Tour de France: Running man Chris Froome keeps hold of yellow jersey despite crash chaos

Chris Froome risked losing the yellow jersey after his bike was broken in a bizarre crash at the wild conclusion to the 12th stage of the Tour de France on Thursday.

Yellow jersey leader Team Sky rider Chris Froome of Britain runs on the road after a fall. Jean-Paul Pelissier / Reuters
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MONT VENTOUX // Chris Froome kept hold of the Tour de France race leader’s yellow jersey despite a crash with a motorcycle on Thursday that threatened to wreck his race hopes.

Froome initially seemed to have lost the race lead after his bicycle was broken by the crash leaving him at one point running along the road waiting for a replacement bike.

But Tour organisers reinstated him in the lead at the end of the 12th stage which finished on Mont Ventoux, now with a 47-second lead over British compatriot Adam Yates.

“What a finish. Ventoux is full of surprises. Around the last kilometre a motorbike braked hard,” explained Froome on French TV after being presented with the yellow jersey.

“I was with Richie Porte and Bauke Mollema and all three of us went into the back of it. I got hit from behind by another motorbike that broke my bicycle.

“I’m happy with the jury’s decision. I think it’s right. Thanks to them and thanks to the Tour de France organisation.”

Yates, who was provisionally announced as the new leader, said he agreed with the race jury’s decision to change the initial results.

“It is what it is, I’m really happy with the outcome. I wouldn’t have wanted to take the jersey like this,” said the 23-year-old Briton.

“After his performances in the Tour so far he [Froome] is the rightful owner of the yellow jersey. It wouldn’t have felt right to have taken it like that.”

Froome’s Sky team manager Dave Brailsford told French TV that the decision had rewarded those who were strongest on the day.

“Fair play has won. It wasn’t easy but you have to stay calm. Richie, Chris and Mollema were the strongest today and the organisers decided to maintain the lead they had gained at the moment of the accident.

“For me, it’s a fair decision.”

See also:

• Tour de France: 'Mythical' Mont Ventoux will batter riders, and bring glory

• Tour de France results: Peter Sagan blows away field in Stage 11 as Chris Froome stretches lead

As Froome ran through the crowds he attempted to communicate with his team with his radio but the crowds prevented the Team Sky car from reaching him.

“It was a nightmare,” Sky sports director Nicolas Portal said. “It took up to two minutes for him to get a spare bike but the pedals did not suit him ... I can’t understand how so many people were allowed there, it was mayhem.”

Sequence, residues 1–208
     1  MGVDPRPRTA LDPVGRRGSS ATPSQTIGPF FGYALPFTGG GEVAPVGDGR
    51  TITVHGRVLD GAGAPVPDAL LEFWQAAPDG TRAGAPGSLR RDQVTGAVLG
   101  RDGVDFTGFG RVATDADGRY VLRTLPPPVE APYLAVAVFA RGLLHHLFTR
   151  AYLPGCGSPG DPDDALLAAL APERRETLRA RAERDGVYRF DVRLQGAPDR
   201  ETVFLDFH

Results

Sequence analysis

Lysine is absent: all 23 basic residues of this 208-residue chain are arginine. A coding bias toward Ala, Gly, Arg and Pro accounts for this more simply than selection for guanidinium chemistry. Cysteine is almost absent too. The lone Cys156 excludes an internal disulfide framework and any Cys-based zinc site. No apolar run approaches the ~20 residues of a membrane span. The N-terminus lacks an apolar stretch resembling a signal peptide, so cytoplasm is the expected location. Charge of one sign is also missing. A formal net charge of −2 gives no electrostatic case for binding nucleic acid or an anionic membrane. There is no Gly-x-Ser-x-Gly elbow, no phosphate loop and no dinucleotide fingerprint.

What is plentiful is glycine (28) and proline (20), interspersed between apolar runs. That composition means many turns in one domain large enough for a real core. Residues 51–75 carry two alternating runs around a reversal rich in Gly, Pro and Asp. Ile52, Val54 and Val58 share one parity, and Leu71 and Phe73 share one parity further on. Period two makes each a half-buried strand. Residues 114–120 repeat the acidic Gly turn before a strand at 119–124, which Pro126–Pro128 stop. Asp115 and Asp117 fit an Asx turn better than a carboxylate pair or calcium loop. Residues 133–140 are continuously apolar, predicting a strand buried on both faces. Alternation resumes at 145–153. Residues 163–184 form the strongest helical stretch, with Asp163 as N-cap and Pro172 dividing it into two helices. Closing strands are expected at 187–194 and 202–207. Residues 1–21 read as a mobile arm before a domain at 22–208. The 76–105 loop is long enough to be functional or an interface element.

Unofficial results put Adam Yates of Britain in front with a nine-second lead over Bauke Mollema of the Netherlands. Nairo Quintana was unofficially third, 14 seconds behind, while Froome dropped to sixth, 53 seconds back.

Before the crash, Froome had dropped most of his rivals besides Porte and Mollema and was likely going to add to his lead as he seeks a third title in four years.

Froome entered the stage 28 seconds ahead of Yates.

Thomas de Gendt won the stage after getting into an early breakaway and easily sprinting past fellow Belgian Serge Pauwels on the steep slopes of Ventoux.

“There were too many people in the last kilometre,” De Gendt said. “There was not even a place for one motorbike. They should do something about it.”

With the wind blowing at 125kph (nearly 80 mph) on top of the “Giant of Provence,” organisers moved the finish line 6km down the road to the Chalet Reynard.

It was still a gruelling 10km climb featuring several sections with gradients exceeding 10 per cent.

The 178km leg began in Montpellier near the Mediterranean coast, passed by the 15th-century Chateau of Tarascon, and scaled the hilltop village of Gordes.

It was De Gendt’s first career stage win in the Tour. He finished third in the 2012 Giro d’Italia.

The race’s first time trial comes Friday with a hilly 37.5km leg from Bourg-Saint-Andeol to La Caverne du Pont-D’Arc.

Froome’s sports director at Sky, Nicolas Portal said: “We’ll wait for the jury’s decision.”

He continued: “The motorcycle couldn’t pass because of thousands of fans.

“It’s not one, two or 10 but for 200-metres there were hundreds of fans.

“It’s a behaviour ... I don’t know how to describe it.”

Froome’s main rivals, including Colombian Nairo Quintana were also held up by the crash as a throng of fans obstructed the road.

Porte hit the motorbike with Froome next and Mollema also running into the back of the vehicle.

By the time the other overall contenders reached that point, the whole road was blocked and no one could get through.

But the overriding sight of the 178km 12th stage from Montpellier to Mont Ventoux, was the yellow jersey of Froome running on foot inside the final kilometre in a desperate attempt to save his race.

Points Classification Tour de France after Stage 12 on Thursday:

1. Peter Sagan (Slovakia / Tinkoff) 309

2. Mark Cavendish (Britain / Dimension Data) 219

3. Marcel Kittel (Germany / Etixx - Quick-Step) 202

4. Bryan Coquard (France / Direct Energie) 125

5. Michael Matthews (Australia / Orica) 124

6. Andre Greipel (Germany / Lotto) 114

7. Greg Van Avermaet (Belgium / BMC Racing) 112

8. Thomas De Gendt (Belgium / Lotto) 106

9. Alexander Kristoff (Norway / Katusha) 92

10. Daniel Navarro (Spain / Cofidis) 90

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